The Education Of The Immigrant

January 25, 2014

“Instead, then, of saying either that we tell beginners what words mean, or that we teach them what objects are, I will say: We initiate them, into the relevant forms of life held in language and gathered around the objects and persons of our world. For that to be possible, we must make ourselves exemplary and take responsibility for that assumption of authority; and the initiate must be able to follow us, in however rudimentary a way, naturally (look where our finger points, laugh at what we laugh at, comfort what we comfort, notice what we notice, find alike or remarkable or ordinary what we find alike or remarkable or ordinary, feel pain at what we feel pain at, enjoy the weather or the notion we enjoy, make the sounds we make); and he must want to follow us (care about our approval, like a smile better than a frown, a croon better than a croak, a pat better than a slap). “Teaching” here would mean something like “showing them what we say and do”, and “accepting what they say and do as what we say and do”, etc.; and this will be more than we know, or can say.” (The Claim of Reason: Wittgenstein, Skepticism, Morality, and Tragedy by Stanley Cavell, 1979 Pg. 178)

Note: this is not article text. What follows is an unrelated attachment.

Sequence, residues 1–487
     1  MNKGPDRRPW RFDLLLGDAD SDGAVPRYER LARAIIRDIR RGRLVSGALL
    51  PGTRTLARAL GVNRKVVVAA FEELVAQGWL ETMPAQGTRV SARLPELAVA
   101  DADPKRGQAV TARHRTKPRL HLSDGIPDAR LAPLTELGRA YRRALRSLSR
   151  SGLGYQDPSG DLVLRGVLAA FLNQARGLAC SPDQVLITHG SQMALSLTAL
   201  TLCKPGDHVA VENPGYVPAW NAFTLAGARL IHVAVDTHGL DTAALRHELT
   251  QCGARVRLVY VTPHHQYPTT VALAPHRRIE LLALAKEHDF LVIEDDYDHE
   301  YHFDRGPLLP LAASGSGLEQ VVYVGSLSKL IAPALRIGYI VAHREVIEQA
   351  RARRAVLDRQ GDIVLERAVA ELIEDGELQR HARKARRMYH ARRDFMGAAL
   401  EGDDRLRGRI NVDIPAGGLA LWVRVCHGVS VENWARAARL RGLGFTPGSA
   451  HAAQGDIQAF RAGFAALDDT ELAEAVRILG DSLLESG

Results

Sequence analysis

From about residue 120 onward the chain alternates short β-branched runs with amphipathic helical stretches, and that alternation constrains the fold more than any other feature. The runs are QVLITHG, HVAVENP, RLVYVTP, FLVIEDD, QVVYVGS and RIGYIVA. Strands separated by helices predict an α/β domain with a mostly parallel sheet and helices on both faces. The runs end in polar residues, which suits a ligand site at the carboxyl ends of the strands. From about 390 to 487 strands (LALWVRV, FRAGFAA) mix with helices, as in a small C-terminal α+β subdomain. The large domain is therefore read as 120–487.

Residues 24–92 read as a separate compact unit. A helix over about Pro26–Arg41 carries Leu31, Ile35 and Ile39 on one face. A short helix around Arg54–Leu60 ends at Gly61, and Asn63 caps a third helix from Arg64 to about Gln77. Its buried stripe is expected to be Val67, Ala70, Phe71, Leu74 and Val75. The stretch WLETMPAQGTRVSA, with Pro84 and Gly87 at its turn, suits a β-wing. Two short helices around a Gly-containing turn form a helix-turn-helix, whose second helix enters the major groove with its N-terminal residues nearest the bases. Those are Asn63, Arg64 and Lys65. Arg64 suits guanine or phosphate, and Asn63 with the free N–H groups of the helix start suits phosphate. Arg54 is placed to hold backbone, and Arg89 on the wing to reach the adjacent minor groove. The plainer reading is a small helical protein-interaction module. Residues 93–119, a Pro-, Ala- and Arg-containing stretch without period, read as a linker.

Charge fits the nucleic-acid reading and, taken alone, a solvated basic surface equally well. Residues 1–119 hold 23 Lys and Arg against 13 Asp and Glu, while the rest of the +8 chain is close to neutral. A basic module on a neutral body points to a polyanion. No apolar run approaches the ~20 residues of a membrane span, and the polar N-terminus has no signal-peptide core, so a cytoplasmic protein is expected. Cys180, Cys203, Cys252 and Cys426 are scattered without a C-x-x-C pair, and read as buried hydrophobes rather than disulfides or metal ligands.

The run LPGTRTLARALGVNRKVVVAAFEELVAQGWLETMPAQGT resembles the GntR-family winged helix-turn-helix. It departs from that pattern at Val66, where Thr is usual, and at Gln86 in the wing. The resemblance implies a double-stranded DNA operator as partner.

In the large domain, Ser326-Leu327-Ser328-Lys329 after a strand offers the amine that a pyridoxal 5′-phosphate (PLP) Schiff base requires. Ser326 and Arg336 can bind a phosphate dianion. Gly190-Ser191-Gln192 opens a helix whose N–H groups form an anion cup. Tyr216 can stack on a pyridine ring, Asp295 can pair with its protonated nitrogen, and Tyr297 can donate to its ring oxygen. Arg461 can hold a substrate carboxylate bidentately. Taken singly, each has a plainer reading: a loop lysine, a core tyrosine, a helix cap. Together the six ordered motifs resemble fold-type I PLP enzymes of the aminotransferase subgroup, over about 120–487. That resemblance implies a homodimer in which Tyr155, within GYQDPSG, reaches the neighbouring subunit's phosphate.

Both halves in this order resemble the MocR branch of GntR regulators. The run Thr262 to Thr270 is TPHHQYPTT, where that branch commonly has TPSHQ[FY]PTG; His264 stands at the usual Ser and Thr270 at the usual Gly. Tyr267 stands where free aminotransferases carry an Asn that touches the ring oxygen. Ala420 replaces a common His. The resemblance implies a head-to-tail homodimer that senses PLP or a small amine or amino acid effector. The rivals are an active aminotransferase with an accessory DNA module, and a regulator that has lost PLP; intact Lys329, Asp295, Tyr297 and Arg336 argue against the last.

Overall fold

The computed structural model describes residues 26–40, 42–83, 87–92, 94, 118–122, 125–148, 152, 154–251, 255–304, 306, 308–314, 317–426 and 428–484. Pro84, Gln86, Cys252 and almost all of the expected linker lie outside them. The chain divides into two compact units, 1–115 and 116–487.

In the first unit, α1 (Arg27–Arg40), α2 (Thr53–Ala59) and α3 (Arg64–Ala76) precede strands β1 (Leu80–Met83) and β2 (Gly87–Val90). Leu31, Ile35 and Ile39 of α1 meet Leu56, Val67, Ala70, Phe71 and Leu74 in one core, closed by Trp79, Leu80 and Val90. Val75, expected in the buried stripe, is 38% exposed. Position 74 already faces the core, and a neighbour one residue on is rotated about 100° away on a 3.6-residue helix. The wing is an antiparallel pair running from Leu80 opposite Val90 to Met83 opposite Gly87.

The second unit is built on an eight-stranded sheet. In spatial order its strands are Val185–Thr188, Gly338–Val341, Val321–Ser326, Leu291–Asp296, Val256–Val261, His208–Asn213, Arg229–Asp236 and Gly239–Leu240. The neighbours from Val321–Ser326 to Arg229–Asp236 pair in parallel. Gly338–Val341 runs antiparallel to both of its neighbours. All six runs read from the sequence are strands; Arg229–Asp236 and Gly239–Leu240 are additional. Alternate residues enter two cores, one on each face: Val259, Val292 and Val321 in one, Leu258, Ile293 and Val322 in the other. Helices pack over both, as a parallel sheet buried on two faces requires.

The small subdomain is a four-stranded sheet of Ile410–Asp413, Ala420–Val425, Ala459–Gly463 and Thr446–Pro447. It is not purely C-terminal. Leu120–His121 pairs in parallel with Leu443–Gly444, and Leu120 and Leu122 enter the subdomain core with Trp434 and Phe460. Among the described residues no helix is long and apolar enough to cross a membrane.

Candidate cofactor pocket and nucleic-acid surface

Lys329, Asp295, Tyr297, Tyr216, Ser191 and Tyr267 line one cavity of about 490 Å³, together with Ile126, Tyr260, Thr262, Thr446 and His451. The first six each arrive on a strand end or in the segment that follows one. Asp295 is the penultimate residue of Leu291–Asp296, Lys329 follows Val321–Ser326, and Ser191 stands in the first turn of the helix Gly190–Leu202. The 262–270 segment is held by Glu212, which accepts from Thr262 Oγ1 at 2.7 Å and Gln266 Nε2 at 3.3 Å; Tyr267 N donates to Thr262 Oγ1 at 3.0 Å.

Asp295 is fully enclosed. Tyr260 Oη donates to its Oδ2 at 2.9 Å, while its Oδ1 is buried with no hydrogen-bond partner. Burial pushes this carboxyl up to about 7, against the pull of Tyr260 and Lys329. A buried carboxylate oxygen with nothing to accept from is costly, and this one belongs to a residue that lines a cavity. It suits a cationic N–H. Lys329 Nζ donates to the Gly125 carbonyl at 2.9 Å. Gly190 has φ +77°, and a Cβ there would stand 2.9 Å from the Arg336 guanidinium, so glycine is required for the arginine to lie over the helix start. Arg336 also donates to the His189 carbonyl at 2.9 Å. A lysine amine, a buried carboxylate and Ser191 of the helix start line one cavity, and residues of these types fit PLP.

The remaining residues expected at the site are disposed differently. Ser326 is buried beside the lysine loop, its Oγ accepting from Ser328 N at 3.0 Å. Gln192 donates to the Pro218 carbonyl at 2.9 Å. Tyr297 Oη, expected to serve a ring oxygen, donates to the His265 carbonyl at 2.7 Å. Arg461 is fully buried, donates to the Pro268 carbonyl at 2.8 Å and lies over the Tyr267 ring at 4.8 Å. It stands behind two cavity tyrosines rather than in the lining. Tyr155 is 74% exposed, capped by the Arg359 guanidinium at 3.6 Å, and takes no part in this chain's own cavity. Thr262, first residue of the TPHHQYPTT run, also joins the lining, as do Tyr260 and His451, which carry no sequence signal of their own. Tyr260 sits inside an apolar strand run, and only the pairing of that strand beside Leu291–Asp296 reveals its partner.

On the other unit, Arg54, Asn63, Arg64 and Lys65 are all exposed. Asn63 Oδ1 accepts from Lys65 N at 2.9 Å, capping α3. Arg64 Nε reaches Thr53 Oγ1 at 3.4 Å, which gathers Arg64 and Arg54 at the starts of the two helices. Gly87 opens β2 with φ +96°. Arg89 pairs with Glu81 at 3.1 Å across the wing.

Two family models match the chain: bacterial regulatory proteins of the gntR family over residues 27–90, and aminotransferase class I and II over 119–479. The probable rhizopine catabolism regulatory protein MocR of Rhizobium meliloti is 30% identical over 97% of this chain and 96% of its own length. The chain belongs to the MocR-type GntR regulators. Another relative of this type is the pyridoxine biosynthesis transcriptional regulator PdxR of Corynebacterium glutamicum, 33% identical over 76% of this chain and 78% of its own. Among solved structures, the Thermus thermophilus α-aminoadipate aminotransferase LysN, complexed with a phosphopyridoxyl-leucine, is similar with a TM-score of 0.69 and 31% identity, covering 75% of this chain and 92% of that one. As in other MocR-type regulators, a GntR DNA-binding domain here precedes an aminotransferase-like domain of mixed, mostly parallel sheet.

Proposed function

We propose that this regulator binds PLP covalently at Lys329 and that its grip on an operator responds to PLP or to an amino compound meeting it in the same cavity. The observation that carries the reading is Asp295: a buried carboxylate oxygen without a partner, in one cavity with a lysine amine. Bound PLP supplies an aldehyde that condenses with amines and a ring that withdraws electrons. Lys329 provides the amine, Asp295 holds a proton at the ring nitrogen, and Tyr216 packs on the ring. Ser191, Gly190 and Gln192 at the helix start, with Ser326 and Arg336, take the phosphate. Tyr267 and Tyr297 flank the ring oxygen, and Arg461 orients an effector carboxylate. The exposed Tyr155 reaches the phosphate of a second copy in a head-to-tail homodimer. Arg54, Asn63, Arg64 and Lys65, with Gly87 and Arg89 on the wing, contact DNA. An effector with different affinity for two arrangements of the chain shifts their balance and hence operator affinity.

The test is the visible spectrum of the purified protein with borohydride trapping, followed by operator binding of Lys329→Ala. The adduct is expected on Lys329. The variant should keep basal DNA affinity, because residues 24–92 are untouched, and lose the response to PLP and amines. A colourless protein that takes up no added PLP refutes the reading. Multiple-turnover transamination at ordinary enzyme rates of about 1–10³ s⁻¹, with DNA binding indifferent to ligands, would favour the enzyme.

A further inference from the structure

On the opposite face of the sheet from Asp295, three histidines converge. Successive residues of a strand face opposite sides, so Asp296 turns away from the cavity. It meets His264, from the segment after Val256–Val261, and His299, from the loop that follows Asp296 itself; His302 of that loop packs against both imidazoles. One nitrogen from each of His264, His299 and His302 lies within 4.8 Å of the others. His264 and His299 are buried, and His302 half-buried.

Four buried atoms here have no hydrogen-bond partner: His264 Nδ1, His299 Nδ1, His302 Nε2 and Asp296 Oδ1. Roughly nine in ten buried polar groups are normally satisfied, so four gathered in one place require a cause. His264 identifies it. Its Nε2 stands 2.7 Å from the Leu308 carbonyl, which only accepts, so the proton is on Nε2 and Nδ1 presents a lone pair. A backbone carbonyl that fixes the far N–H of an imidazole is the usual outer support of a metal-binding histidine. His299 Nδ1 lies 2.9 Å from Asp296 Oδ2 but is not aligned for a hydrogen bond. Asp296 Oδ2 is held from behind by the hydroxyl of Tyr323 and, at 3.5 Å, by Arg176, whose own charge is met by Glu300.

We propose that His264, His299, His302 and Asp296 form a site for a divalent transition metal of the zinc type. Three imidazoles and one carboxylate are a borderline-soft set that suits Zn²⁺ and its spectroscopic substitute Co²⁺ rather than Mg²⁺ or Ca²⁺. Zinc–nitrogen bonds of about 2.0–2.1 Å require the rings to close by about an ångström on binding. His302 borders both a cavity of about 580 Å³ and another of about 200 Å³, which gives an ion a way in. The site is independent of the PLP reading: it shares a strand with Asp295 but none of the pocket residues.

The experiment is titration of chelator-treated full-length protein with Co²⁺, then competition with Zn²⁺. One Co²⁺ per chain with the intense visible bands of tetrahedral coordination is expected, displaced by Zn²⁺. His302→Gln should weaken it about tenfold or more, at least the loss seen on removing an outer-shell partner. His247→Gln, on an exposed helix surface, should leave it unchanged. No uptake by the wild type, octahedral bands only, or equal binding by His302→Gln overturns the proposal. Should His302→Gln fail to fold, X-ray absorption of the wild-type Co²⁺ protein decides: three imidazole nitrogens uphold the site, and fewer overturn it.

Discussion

In his more recent publication (Philosophy The Day After Tomorrow 2005) Cavell begins the like named chapter with
“Such has been my somewhat strained way within the institution of philosophy in our America that I perpetually feel the need to introduce myself intellectually, that is, to provide some sense of the way moments of my work are meant to lead to one another. Call this need my identification with the stranger, even, as Emerson almost says, with the immigrant.” (pg. 111)

Although written at different times, to address different concerns within different contexts, the two quotes are challenging to reconcile. Indeed, the first quote addresses the education of a child, the origins of the extension of language and learning. The second speaks feelings, those of an accomplished philosopher. The first quote could likewise be considered as an accounting of the origin of tribes, of national identity, of the mystery of culture, with its borders, porosity and evolution. The second evokes folks like Said, Auerbach, and Adorno’s “it is part of morality not to be at home in one’s home.” (the stranger or immigrant has a home and is at home, where?) Yet Cavell often references Wittgenstein in terms of philosophy being the education of grownups (soon after our second quote he writes “One of my early characterizations of Wittgenstein’s Philosophical Investigations was as a work of instruction. Initially I meant this to emphasize the role of the child in that work, a figure one does not expect to encounter in a major philosophical treatise, let alone in a principal role. Somewhat later I turned the emphasis differently, speaking of philosophy as conceived in Philosophical Investigations as “an education for grownups.”” Pg. 111-112). To a certain extent, and understood generously (based on his reading of Wittgenstein) this “education” of grownups differs not much from that of the child assumed within the first quote. Eventually, the educated must choose to be off on their own, hopefully (for Cavell) in the spirit of Emerson’s Self Reliance. All this begs the question as to the education of the immigrant.